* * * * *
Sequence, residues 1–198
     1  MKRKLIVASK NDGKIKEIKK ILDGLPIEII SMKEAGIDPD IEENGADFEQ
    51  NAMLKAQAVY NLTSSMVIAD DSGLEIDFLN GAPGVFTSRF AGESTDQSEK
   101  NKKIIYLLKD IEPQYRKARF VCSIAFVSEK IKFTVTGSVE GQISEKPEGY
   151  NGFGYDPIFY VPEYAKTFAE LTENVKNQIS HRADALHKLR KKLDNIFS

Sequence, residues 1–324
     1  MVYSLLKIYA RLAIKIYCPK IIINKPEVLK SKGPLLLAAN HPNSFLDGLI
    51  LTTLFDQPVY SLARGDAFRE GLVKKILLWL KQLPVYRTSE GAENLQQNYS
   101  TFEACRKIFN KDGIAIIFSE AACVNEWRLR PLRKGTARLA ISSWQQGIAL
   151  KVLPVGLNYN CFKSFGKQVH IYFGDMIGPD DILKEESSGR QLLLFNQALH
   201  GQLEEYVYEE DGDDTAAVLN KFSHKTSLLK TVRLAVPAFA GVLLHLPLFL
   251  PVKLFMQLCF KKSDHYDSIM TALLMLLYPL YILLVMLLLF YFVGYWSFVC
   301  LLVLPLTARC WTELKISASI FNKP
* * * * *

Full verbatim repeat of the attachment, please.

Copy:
Sequence, residues 1–198
     1  MKRKLIVASK NDGKIKEIKK ILDGLPIEII SMKEAGIDPD IEENGADFEQ
    51  NAMLKAQAVY NLTSSMVIAD DSGLEIDFLN GAPGVFTSRF AGESTDQSEK
   101  NKKIIYLLKD IEPQYRKARF VCSIAFVSEK IKFTVTGSVE GQISEKPEGY
   151  NGFGYDPIFY VPEYAKTFAE LTENVKNQIS HRADALHKLR KKLDNIFS

Sequence, residues 1–324
     1  MVYSLLKIYA RLAIKIYCPK IIINKPEVLK SKGPLLLAAN HPNSFLDGLI
    51  LTTLFDQPVY SLARGDAFRE GLVKKILLWL KQLPVYRTSE GAENLQQNYS
   101  TFEACRKIFN KDGIAIIFSE AACVNEWRLR PLRKGTARLA ISSWQQGIAL
   151  KVLPVGLNYN CFKSFGKQVH IYFGDMIGPD DILKEESSGR QLLLFNQALH
   201  GQLEEYVYEE DGDDTAAVLN KFSHKTSLLK TVRLAVPAFA GVLLHLPLFL
   251  PVKLFMQLCF KKSDHYDSIM TALLMLLYPL YILLVMLLLF YFVGYWSFVC
   301  LLVLPLTARC WTELKISASI FNKP